LWMC fails to achieve targets of compost plant | Pakistan Today

LWMC fails to achieve targets of compost plant

LAHORE: The Lahore Waste Management Company (LWMC) has failed to run its compost (organic fertilizer) plant according to the targets set by the administration, Pakistan Today has observed.

Moreover, the LWMC management has not gotten the registration of fertilizer brand name Khad Beliya.

The LWMC had inaugurated the said compost plant on November 25, 2016, to transform the organic waste into organic fertilizer at Mehmood Booti, the old dumping site of the company. The plant was termed as the first state of the art plant of its type in Pakistan, and it was also claimed that it was a step towards environmental sustainability.

Initially, in 2006, the City District Government Lahore (CDGL) with the partnership of Lahore Compost (private) Limited put efforts to run compost plant, installed by Saif Group, at the same venue to produce fertilizer. According to the information available with Pakistan Today, the Saif group had imported the plant from Belgium which had a capacity to transform around 1,000 tonnes of organic waste into 250 tonnes of organic fertilizer per day.

Composting is the controlled decomposition of organic materials, such as leaves, grass, food scraps and other municipal wastes, by microorganisms. The result of this decomposition process is compost – a crumbly, earthy-smelling, soil-like material. The composition of solid waste found in various counties/cities varies considerably.

Saif Group halted its operation after not achieving the set targets within a couple of years.

According to the LWMC officials, the company collects around 6,500 tonnes of waste from the city per day. This waste includes garbage, household waste and organic waste.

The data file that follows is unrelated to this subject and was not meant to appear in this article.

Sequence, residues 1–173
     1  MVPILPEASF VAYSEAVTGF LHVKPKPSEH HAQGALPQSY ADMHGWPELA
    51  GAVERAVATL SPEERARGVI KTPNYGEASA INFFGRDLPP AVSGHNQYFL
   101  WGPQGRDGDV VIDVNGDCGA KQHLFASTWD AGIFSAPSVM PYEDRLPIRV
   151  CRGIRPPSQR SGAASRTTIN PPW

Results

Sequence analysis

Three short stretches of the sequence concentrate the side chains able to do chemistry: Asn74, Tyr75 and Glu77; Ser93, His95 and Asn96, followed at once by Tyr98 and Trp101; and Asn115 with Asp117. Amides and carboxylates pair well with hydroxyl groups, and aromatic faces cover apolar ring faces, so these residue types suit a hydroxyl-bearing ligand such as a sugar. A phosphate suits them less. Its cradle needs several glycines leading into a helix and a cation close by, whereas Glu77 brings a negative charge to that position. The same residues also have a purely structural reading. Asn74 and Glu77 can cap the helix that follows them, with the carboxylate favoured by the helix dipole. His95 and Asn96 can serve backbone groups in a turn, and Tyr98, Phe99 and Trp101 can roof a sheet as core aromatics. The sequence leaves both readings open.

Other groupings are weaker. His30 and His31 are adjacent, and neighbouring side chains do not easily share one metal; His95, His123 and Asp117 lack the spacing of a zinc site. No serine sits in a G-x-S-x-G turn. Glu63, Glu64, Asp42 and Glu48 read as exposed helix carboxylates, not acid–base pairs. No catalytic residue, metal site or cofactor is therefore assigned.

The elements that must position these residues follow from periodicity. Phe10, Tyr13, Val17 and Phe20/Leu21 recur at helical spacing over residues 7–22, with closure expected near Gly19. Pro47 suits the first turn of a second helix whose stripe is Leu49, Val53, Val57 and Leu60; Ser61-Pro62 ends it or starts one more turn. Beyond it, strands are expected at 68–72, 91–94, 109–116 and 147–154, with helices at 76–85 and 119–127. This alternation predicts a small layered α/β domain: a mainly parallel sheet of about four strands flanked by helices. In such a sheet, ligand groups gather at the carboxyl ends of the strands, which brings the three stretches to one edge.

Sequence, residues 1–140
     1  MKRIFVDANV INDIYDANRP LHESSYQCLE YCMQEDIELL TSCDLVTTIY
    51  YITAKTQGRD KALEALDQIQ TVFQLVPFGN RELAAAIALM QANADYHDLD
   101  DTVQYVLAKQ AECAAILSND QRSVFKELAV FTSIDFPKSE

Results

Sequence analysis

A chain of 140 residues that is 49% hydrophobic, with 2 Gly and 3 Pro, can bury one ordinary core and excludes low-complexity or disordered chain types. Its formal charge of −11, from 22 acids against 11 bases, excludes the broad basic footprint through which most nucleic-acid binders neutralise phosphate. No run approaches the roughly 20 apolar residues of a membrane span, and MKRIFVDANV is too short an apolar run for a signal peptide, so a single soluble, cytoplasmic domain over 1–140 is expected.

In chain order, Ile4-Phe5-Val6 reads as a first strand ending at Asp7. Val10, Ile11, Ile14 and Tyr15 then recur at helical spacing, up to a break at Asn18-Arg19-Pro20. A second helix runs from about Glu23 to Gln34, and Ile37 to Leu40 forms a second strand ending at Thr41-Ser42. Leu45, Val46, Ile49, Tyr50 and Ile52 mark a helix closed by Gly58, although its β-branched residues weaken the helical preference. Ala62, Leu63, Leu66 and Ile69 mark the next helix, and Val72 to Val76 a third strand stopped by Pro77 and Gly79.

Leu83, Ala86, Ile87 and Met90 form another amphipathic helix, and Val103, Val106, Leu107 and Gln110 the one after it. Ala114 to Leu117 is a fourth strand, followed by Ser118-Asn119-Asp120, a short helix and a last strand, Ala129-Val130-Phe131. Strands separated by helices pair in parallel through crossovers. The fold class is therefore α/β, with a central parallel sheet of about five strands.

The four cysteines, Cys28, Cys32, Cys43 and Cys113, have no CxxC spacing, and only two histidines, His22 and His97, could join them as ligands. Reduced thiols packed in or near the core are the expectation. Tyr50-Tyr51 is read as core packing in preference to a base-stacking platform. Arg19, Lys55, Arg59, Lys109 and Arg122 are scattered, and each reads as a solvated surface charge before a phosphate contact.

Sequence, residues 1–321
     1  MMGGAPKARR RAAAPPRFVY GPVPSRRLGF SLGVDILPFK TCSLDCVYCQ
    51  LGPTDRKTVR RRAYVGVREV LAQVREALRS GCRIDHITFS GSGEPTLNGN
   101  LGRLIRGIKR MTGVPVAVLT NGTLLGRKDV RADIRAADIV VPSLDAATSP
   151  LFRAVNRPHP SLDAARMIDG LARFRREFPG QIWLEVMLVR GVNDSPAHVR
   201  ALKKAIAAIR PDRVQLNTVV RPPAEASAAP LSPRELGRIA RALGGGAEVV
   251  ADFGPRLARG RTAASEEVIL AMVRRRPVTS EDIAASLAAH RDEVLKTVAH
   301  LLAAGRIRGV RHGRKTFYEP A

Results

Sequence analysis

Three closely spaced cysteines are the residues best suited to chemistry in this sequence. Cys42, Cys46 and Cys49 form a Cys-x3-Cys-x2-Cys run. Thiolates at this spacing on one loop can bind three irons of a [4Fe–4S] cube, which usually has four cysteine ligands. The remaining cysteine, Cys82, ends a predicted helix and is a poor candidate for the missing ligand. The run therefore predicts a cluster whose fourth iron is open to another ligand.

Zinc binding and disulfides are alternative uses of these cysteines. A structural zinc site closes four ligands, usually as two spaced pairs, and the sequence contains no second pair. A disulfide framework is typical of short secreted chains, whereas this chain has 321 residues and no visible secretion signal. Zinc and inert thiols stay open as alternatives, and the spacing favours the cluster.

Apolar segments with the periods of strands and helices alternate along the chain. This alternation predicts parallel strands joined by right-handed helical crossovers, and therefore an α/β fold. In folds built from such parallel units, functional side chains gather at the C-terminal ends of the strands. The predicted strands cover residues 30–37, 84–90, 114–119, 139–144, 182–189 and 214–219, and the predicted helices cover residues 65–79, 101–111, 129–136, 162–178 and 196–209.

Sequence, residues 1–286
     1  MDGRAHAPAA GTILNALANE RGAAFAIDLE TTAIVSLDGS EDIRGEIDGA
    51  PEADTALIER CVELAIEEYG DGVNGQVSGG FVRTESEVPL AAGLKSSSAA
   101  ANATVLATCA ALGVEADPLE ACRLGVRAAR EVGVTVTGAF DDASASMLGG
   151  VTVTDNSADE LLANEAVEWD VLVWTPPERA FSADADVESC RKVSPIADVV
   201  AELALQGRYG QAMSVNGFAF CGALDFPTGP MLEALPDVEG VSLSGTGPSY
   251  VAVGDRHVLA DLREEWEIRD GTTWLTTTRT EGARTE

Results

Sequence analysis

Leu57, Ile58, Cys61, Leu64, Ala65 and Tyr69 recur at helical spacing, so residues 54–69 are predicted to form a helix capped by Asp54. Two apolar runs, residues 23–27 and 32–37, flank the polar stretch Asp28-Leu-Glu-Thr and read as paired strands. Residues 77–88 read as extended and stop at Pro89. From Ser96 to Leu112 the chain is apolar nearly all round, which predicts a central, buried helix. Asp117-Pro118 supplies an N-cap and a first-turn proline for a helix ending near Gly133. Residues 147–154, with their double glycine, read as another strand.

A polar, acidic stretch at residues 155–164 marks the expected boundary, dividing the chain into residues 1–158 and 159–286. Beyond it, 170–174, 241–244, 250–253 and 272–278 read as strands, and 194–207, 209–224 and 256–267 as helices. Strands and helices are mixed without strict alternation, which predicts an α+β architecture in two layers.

An official in LWMC informed that the Saif Group was facing various issues regarding the collection of organic waste because at that time there was no proper mechanism of collecting waste from the city. They added that last year, the group’s management contacted the LWMC and offered to take over the control of the plant.

“LWMC bought the plant including its machinery and decided to functionalize it using its own resources,” he said.

At the time of inauguration, the company officials announced that the plant will initially start transforming 50 tonnes of waste per day, which was planned to scale up to 500 tonnes per day by March 2017. However, despite the passage of a year, the compost plant could not achieve its set target.

Talking to Pakistan Today, the manager of the plant Yasir Ayub said that various factors were involved for failure to achieve targets. He said that company started production of compost fertilizer according to set parameters and was hopeful in getting an approval of Punjab Agriculture Department (PAD), but later it changed the parameters.

“Initially these parameters were set to add 15 per cent of organic material but later these were changed to add 25 per cent,” he said adding that the company had again sent its samples for approval. Ayub further said that after resolving the issue, the company will get the registration of its brand name Khad Beliya and would also be able to run the plant at its full capacity.



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